Sunday, January 29, 2023

‘Representations on flaws in collegium system received’

The government has been receiving representations from “diverse sources” on lack of transparency, objectivity and social diversity in the collegium system of appointment of Supreme Court and high court judges with the request to improve the mechanism, Rajya Sabha was informed on Thursday.
In a written reply, Law Minister Kiren Rijiju also said the government has sent suggestions for supplementing the Memorandum of Procedure for appointment of judges to the high courts and Supreme Court.
MoP is a document which guides the appointment and transfer of judges in the higher judiciary.
He recalled that in a bid to make the collegium system of appointments of judges “more broad-based, transparent, accountable and bringing objectivity in the system”, the government brought into force the Constitution (Ninety-Ninth Amendment) Act, 2014 and the National Judicial Appointments Commission Act, 2014 on April 13, 2015.
However, both the Acts were challenged in the Supreme Court which eventually declared both the laws as unconstitutional and void on October 16, 2015.
The collegium system, as existing prior to the enforcement of the Constitution (Ninety-Ninth Amendment) Act, 2014, was declared to be operative.
“Representations from diverse sources on lack of transparency, objectivity and social diversity in the collegium system of appointment of judges to the constitutional courts (SC and the HCs) are received from time to time with the request to improve this system of appointment of judges,” he said.
In a related but a separate reply, Rijiju said as on December 16, 154 proposals received from high courts were at various stages of processing between the government and the Supreme Court Collegium.
“While every effort is made to fill up the existing vacancies expeditiously, vacancies of judges in high courts do keep on arising on account of retirement, resignation or elevation of judges and also due to increase in the strength of judges,” he said.
As on December 16, against the sanctioned strength of 34 judges, 28 judges were working in the Supreme Court leaving six vacancies to be filled. Against the sanctioned strength of 1,108, 775 judges were working in the 25 high courts, leaving 333 vacancies to be filled. He pointed out that recommendations from high court collegiums are yet to be received for 179 vacancies in high courts.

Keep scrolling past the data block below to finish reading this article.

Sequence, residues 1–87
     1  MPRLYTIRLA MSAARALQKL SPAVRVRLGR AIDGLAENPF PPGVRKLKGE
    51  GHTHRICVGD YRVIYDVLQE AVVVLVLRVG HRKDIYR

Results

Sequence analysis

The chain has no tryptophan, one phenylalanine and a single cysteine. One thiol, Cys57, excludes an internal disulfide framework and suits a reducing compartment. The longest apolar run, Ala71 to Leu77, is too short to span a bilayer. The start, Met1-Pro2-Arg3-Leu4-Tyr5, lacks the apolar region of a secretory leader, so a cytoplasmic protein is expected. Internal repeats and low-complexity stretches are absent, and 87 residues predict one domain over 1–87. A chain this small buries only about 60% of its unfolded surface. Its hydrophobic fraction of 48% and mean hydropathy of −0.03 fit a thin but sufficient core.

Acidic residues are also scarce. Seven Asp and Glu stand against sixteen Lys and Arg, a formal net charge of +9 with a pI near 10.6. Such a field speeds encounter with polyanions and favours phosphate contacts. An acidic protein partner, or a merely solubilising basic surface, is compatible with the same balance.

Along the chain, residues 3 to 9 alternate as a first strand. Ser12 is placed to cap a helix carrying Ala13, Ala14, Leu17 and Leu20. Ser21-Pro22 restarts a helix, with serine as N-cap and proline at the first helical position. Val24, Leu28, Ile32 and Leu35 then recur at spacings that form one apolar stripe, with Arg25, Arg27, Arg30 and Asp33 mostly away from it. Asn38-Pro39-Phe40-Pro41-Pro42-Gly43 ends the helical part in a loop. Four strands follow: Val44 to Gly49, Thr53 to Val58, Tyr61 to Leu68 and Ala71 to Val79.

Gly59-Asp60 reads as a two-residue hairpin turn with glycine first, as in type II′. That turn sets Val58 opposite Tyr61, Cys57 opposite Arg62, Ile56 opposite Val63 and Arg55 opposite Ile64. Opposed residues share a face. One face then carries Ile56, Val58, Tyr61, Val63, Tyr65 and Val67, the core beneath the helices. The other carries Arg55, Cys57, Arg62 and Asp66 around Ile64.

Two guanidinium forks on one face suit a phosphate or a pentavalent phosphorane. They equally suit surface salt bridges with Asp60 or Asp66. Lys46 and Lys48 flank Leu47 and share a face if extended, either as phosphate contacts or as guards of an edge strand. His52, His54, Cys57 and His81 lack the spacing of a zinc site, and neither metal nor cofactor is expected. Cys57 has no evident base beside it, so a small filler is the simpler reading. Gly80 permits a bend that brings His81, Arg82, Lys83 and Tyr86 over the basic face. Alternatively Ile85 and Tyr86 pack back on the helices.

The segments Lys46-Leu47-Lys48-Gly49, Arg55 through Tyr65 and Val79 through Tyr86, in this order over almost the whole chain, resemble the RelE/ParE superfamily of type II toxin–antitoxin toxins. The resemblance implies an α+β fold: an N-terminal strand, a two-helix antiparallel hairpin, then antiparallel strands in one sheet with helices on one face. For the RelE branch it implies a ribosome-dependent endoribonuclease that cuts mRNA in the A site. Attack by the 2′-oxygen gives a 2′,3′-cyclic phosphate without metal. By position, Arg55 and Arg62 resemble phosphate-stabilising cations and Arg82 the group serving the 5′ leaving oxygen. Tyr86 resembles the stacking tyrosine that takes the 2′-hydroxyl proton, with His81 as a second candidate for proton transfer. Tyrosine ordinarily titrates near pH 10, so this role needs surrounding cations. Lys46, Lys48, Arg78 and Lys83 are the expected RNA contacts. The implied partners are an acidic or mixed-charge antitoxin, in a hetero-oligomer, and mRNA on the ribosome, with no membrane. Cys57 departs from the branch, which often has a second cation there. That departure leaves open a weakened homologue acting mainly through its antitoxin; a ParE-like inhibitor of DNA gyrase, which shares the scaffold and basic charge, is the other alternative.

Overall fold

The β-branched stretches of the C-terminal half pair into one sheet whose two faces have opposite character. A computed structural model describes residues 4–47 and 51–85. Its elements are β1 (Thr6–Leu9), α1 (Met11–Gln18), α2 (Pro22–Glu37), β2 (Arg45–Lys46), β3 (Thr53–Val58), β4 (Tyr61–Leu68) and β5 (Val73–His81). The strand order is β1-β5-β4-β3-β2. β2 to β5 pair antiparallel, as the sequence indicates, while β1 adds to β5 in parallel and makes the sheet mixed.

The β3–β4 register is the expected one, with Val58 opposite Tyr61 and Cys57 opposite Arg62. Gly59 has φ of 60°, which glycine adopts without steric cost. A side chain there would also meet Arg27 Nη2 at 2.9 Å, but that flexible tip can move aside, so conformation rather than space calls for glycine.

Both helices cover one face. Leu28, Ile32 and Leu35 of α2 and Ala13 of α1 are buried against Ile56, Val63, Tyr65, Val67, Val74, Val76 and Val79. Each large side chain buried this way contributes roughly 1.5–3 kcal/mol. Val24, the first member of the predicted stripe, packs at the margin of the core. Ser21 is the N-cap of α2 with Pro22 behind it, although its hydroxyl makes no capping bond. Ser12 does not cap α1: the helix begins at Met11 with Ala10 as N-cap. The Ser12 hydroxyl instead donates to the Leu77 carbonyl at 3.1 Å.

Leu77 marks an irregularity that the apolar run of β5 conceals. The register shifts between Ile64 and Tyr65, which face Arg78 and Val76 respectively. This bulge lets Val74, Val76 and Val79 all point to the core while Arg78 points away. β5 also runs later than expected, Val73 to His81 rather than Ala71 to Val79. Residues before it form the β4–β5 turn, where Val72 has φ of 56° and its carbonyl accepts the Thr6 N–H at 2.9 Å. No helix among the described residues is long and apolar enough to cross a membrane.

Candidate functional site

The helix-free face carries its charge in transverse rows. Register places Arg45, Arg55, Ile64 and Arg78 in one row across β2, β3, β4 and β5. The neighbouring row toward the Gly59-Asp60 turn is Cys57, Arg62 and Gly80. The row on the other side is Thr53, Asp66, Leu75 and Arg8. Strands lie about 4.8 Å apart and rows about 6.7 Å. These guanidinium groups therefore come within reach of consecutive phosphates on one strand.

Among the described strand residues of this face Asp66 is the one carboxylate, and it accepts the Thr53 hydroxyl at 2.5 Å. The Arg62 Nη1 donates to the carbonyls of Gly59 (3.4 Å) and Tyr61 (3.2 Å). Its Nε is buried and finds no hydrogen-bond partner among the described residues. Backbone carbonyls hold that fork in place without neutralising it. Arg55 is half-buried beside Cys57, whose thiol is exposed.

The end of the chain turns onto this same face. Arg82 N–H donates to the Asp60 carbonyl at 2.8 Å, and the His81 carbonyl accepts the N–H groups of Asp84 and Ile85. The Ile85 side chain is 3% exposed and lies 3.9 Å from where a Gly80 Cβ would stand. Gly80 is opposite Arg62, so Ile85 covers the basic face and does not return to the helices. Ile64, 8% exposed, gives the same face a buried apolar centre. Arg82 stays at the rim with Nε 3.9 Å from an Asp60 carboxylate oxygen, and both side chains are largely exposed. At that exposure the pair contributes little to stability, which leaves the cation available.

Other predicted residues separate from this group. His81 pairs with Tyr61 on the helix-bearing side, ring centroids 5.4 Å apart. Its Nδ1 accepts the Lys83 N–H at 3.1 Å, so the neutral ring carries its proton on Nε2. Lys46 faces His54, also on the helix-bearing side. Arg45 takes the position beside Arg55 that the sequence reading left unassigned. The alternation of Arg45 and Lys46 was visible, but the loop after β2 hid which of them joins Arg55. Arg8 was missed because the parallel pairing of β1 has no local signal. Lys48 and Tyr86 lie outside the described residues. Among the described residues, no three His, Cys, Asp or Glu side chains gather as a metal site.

Amid a standoff between the government and the Supreme Court Collegium over the appointment of judges, a parliamentary panel had recently asked the Executive and the Judiciary to come up with an “out of box thinking” to deal with the “perennial problem” of vacancies in high courts.
The committee also said that it is “surprised” to note that the Supreme Court and the government have failed to reach at a consensus on revision of the Memorandum of Procedure for appointment of judges to the Supreme Court and the high courts, though the same is under consideration of both for “about seven years now”.
The committee expected the government and the judiciary to finalise the revised MOP, which is more efficient and transparent.
On November 25, the government had asked the Supreme Court Collegium to reconsider 20 files related to appointment of high court judges.
The government had expressed “strong reservations” about the recommended names.
Out of the 20 cases, 11 were fresh cases and nine were reiterations made by the top court collegium.
The government has returned all the names related to fresh appointments in various high courts on which it had “differences” with the Supreme Court Collegium, sources had said.

SourcePTI
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